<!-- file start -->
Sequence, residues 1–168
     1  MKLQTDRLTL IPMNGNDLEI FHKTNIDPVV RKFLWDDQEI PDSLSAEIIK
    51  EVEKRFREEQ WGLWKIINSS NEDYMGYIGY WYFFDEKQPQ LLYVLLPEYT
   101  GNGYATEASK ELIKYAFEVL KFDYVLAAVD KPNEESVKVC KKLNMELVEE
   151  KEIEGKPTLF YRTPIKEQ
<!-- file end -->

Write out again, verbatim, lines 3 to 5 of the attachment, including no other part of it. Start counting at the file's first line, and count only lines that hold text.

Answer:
    51  EVEKRFREEQ WGLWKIINSS NEDYMGYIGY WYFFDEKQPQ LLYVLLPEYT
   101  GNGYATEASK ELIKYAFEVL KFDYVLAAVD KPNEESVKVC KKLNMELVEE
   151  KEIEGKPTLF YRTPIKEQ